Hand hygiene (HH) is recognised as the cornerstone of infection prevention and can reduce the risk of transmission of pathogens to patients, staff and visitors.
HH is the act of cleaning hands with:
- alcohol based hand rub (ABHR)
- antiseptic liquid hand wash and running water
- plain liquid soap and running water.
All NSW Health Local Health Districts (LHDs) and Specialty Health Networks (SHNs) are required to implement, monitor and report on HH using the National Hand Hygiene Initiative (NHHI) program. All NSW LHDs and SHNs have leads for HH. These key leads work closely with the HAI team to identify and monitor opportunities for improvement with HH and the NHHI.
The NHHI is underpinned by:
- ACSQHC National Standard for Prevention and Controlling Healthcare-Associated Infection
- NSW Health Infection Prevention and Control Policy.
The NSW Health Infection Prevention and Control policy outlines the specific HH practices required by health workers (HWs) within NSW Health, to minimize the risk of patients, visitors and staff acquiring a HAI. It identifies when staff must perform HH and requires the use of ABHR for most instances of HH during patient care.
Washing hands with soap and water is recommended when hands are visibly soiled, or when caring for a patient with Clostridioides difficile or norovirus.
Essential elements of a HH program are:
- Strategic placement of ABHR for staff, patients and visitors
- Provision of hand washing facilities for all staff, patients and visitors
- Education and awareness of HH for all HWs
- Auditing and reporting of HH compliance to NHHI
- Provision of compliance results
- Identification of improvement opportunities
- Regular evaluation of the local HH program.
The role of a HH auditor is integral to reducing HAIs through auditing of HH practices. HH auditing occurs regularly in patient areas with trained HH auditors observing direct and indirect patient care and or interactions, in line with the WHO My Five moments for Hand Hygiene.
NSW Health submits around 200,000 audited 'moments' each audit period. This represents approximately a third of the national data. HH auditors submit data through the Hand Hygiene Compliance Application (HHCApp). HH compliance data is required to be submitted by all NSW Health Organisations to the NHHI three times a year. NHHI HH audit periods are the same every year:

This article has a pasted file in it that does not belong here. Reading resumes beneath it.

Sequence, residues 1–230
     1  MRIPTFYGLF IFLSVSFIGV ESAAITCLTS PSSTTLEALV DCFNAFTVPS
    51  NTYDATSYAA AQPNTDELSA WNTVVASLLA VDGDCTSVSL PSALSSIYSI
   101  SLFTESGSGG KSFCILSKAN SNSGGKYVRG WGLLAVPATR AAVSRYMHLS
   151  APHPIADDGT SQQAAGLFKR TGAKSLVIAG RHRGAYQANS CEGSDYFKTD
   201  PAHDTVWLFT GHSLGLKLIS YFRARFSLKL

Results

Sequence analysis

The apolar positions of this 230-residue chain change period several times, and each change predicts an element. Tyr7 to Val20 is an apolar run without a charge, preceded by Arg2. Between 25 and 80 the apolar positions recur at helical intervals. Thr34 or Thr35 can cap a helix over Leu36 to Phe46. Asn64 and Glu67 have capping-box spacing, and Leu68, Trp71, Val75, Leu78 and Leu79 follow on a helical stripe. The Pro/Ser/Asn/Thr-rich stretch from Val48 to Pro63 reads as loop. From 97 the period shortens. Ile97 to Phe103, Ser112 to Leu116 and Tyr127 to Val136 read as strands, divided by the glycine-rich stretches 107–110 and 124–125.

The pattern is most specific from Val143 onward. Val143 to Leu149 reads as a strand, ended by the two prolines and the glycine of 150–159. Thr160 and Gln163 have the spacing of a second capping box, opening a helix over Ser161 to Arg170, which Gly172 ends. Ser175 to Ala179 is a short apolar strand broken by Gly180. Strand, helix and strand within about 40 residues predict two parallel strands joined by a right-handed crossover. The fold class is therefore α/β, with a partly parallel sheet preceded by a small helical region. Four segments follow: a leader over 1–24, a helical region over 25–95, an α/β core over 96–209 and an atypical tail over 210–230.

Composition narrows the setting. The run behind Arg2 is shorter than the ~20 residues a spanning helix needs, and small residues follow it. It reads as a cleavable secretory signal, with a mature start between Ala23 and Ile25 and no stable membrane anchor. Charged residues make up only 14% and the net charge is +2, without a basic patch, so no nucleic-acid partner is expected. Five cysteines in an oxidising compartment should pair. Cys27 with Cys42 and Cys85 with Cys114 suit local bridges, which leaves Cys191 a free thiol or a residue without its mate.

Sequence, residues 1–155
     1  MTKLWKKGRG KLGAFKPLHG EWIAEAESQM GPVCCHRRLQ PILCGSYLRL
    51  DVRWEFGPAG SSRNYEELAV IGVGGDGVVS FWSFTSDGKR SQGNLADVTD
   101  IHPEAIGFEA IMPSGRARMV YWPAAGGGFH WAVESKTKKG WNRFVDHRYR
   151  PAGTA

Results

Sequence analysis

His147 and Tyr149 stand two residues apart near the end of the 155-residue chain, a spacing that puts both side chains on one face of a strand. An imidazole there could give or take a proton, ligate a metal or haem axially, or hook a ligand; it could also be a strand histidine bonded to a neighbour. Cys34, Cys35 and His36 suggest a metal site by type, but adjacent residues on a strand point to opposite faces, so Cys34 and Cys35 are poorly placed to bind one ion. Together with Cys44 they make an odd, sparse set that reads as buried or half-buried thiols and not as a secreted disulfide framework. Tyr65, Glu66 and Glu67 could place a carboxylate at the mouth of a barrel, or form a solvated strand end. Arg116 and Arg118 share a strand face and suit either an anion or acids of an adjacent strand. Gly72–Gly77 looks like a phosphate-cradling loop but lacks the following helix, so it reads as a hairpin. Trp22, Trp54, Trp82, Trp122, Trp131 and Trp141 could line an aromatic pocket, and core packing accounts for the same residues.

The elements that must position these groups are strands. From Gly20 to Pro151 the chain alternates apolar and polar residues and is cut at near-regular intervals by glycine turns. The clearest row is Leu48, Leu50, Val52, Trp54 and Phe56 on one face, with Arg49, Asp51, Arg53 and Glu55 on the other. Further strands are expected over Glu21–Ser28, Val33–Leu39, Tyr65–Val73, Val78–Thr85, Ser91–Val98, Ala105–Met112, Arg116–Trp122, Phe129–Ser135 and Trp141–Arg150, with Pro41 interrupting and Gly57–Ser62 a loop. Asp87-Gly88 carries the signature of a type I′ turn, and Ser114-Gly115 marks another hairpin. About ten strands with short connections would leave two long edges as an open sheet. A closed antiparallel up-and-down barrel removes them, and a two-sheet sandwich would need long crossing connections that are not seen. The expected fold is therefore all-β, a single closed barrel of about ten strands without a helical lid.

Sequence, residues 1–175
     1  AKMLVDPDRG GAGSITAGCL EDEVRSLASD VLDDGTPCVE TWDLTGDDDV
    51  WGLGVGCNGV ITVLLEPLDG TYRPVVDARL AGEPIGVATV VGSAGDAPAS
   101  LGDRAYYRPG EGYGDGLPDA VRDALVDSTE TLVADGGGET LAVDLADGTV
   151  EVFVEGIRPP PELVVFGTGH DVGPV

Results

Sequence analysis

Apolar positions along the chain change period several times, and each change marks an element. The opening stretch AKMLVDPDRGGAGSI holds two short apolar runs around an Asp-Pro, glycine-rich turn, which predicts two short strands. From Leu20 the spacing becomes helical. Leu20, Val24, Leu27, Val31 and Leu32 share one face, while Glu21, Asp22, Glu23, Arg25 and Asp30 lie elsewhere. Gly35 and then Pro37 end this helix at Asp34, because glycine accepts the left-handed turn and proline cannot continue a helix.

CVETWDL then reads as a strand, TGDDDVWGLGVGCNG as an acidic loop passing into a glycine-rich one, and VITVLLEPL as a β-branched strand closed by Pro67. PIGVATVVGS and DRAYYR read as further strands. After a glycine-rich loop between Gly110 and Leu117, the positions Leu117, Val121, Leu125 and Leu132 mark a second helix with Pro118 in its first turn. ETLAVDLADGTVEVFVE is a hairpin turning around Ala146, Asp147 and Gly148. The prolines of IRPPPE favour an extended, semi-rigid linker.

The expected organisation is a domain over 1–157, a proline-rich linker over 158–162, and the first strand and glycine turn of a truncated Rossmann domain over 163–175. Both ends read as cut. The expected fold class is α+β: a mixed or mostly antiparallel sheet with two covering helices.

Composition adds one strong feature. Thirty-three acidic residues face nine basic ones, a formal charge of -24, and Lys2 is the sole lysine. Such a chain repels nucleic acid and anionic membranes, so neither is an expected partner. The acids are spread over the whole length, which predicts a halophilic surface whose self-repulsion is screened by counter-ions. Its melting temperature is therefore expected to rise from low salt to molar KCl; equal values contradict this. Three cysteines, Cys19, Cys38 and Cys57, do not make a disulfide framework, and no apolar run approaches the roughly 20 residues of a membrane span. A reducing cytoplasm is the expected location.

- Audit period one: November 1 – March 31
- Audit period two: April 1 – June 30
- Audit period three: July 1 – October 31.
At the end of each audit period, the HAI team review and validate the submitted NSW Health HH audits. Once approved, the validated HH audits are formally transferred to the NHHI. At the end of this process, the NSW Health results will be updated on the NHHI HH compliance dial.
The compliance dial is used by local HH leads for visual communication and display of the HH compliance results for individual wards, departments, and facilities.
Education and auditor training
HH auditors are an important and valuable resource for HH and the NHHI. There are two types of HH auditors:
- Hand Hygiene Auditor Educators (HAE)
- Hand Hygiene Auditors (HA).
Both HA's and HAE's are considered role models for HH. The content, format and assessment process for HA and HAE training is specified by the NHHI program.
Hand Hygiene Auditor (HA) training
Hand hygiene Auditor training is led and facilitated by all NSW LHDs and SHNs. The local infection prevention and control team is the first point of contact to seek further information for local HH auditor training.
Hand Hygiene Auditor Educator (HAE) training
HAEs differ to HAs as they are required to:
- train and support the development of HH auditors for local hand hygiene programs
- support the local facility's NHHI program and be a HH resource within their workplace
- conduct training for 3 HAs/HAEs in a 3 year period.
For NSW Health, the jurisdictional role sits with the HAI team at the CEC who are working closely with other NSW Health agencies to standardise access to HH training resources.
- NSW Health Infectious Diseases
- Safety Alert Broadcast System (SABS)
- Policy directives, guidelines and information bulletins
- My Health Learning
- Australian Commission on Safety and Quality in Health Care
- Australian Department of Health and Aged Care
- Communicable Diseases Network Australia (CDNA) Series of National Guidelines (SoNGs)
- National Hand Hygiene Initiative (NHHI)
- Australian Guidelines for the Prevention and Control of Infection in Healthcare (2019)
- Australasian College for Infection Prevention and Control
- Australasian Society for Infectious Diseases
- WHO - Ebola virus Disease
- WHO - Infection Prevention and Control
- CDC - Healthcare Infection Control Practices Advisory Committee (HICPAC)
- NHS - Infection Prevention and Control
- NICE - Infection Prevention and Control
- IFIC - International Federation of Infection Control
- ECDC - European Centre for Disease Prevention and Control